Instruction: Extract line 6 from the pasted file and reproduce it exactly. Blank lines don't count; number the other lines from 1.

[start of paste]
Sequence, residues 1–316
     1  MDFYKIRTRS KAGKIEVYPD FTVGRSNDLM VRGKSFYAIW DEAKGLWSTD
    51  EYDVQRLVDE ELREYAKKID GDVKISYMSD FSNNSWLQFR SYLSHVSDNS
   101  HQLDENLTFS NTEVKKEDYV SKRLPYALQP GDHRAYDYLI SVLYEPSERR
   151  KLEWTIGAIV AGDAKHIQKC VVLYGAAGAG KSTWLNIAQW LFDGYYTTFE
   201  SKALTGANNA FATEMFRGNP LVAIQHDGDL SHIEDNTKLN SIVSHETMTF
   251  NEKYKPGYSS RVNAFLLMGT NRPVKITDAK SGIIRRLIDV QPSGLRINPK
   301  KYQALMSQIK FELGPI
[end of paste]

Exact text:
   201  SKALTGANNA FATEMFRGNP LVAIQHDGDL SHIEDNTKLN SIVSHETMTF